11.08.2017

# Media

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Carbon News: To stop climate change, should we aim to dim the sky?

"SOLAR geoengineering is a controversial process to reduce heat. Some researchers say it might be humanity's last line of defense to stop greenhouse gas emissions."

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07.08.2017

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Xinhua: To cool planet, researchers propose spraying particles into marine clouds

"A group of researchers at the University of Washington (UW) is investigating the idea of marine cloud brightening as a strategy to offset global warming. As a short-term measure for a possible future emergency situation, the strategy involves spraying saltwater into clouds above oceans to boost their capacity to reflect sunlight. In a paper published in the journal Earth's Future, two UW researchers, including lead author Rob Wood, a professor of atmospheric sciences, say small-scale tests of marine cloud brightening would also help answer scientific questions about clouds and aerosols' possible role to help cool the planet."

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04.08.2017

# New Publications

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Kleinschmitt, Christoph; et al. (2017): Sensitivity of the radiative forcing by stratospheric sulfur geoengineering to the amount and strategy of the SO2 injection studied with the LMDZ-S3A model

Kleinschmitt, Christoph; Boucher, Olivier; Platt, Ulrich (2017): Sensitivity of the radiative forcing by stratospheric sulfur geoengineering to the amount and strategy of the SO2 injection studied with the LMDZ-S3A model. In Atmos. Chem. Phys. Discuss., pp. 1–34. DOI: 10.5194/acp-2017-722.

"In this study we use the atmospheric general circulation model LMDZ with the sectional aerosol module S3A to determine how the forcing efficiency depends on the injected amount, the injection height and the spatio-temporal pattern of injection. We find that the forcing efficiency may decrease more drastically for larger SO2 injections than previously estimated. As a result, the net instantaneous radiative forcing does not exceed −2 W m−2 for continuous equatorial injections and it decreases (in absolute value) for the largest injection rates simulated (50 Tg S yr−1)."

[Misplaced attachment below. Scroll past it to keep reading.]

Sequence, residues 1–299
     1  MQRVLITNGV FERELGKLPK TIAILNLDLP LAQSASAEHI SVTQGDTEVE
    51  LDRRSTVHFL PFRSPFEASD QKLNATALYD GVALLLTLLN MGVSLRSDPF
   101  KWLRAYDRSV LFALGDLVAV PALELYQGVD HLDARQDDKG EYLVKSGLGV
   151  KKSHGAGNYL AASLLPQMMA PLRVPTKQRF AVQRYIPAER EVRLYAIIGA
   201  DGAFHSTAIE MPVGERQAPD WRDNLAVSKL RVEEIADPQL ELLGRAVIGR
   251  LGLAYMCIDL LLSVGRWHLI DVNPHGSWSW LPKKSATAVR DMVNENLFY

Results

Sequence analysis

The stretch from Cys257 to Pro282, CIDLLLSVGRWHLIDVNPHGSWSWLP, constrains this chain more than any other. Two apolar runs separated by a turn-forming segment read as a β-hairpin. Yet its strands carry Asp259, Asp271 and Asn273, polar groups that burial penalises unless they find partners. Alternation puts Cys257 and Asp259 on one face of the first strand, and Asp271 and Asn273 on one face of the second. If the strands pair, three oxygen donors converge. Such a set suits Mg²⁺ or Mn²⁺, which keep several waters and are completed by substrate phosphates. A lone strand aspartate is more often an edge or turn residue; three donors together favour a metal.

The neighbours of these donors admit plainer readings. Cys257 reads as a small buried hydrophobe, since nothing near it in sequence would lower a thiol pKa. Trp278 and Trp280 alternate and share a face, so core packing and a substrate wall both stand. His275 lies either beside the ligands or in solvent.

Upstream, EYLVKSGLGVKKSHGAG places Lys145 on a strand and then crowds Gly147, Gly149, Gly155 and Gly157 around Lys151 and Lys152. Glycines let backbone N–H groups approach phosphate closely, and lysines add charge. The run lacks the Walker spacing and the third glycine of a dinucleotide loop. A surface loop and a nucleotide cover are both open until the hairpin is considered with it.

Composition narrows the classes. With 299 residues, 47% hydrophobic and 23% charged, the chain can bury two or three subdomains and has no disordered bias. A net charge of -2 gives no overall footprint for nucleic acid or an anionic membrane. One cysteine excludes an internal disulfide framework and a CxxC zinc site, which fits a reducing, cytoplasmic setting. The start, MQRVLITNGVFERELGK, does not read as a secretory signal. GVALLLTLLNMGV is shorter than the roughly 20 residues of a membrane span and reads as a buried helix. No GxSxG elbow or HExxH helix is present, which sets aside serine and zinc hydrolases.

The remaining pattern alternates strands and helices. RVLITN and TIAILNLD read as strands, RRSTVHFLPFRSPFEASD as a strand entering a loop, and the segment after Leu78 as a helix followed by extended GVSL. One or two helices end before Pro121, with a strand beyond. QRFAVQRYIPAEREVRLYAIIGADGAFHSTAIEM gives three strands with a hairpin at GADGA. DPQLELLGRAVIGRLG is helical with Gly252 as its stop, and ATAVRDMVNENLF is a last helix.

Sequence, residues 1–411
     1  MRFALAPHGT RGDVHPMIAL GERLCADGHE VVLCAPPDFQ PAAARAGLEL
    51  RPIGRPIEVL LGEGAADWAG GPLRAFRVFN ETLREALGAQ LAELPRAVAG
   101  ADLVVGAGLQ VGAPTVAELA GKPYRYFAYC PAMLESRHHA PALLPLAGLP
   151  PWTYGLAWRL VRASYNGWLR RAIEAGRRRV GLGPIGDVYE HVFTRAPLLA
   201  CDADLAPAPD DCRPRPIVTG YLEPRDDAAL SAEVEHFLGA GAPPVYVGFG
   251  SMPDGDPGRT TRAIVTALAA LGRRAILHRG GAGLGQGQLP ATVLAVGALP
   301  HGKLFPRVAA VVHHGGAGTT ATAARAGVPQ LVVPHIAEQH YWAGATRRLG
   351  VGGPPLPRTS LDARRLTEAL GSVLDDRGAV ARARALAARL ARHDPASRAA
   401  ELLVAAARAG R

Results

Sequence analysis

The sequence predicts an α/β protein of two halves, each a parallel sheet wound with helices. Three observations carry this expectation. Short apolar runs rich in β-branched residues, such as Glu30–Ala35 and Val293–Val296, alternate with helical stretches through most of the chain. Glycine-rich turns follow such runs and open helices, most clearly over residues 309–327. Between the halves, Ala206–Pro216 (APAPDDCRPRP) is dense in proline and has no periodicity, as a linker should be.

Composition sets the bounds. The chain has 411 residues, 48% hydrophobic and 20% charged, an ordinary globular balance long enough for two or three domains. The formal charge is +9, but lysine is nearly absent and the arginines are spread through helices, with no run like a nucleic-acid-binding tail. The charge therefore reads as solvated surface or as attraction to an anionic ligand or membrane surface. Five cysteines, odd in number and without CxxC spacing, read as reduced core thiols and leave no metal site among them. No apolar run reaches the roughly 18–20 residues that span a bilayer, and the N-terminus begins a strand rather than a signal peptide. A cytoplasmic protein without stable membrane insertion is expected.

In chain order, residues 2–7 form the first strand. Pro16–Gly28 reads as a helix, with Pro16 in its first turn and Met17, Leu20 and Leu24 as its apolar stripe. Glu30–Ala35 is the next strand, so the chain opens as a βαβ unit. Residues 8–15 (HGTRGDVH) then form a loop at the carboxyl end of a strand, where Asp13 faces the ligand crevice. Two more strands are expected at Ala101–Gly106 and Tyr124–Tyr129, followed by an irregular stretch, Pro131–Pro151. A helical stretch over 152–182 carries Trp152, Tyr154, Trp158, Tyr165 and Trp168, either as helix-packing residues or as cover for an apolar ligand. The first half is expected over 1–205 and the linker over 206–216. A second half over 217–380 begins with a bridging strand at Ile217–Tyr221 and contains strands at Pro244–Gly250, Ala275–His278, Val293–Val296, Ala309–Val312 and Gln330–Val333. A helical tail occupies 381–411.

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31.07.2017

# New Publications

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Nalam, Aditya; et al. (2017): Effects of Arctic geoengineering on precipitation in the tropical monsoon regions

Nalam, Aditya; Bala, Govindasamy; Modak, Angshuman (2017): Effects of Arctic geoengineering on precipitation in the tropical monsoon regions. In Clim Dyn 41 (1), p. 1738. DOI: 10.1007/s00382-017-3810-y.

"In this study, we investigate and quantify the implications of this ITCZ shift due to Arctic geoengineering for the global monsoon regions using the Community Atmosphere Model version 4 coupled to a slab ocean model. A doubling of CO2 from pre-industrial levels leads to a warming of ~6 K in the Arctic region and precipitation in the monsoon regions increases by up to ~15%. In our Arctic geoengineering simulation which illustrates a plausible latitudinal distribution of the reduction in sunlight, an addition of sulfate aerosols (11 Mt) in the Arctic stratosphere nearly offsets the Arctic warming due to CO2 doubling but this shifts the ITCZ southward by ~1.5° relative to the pre-industrial climate."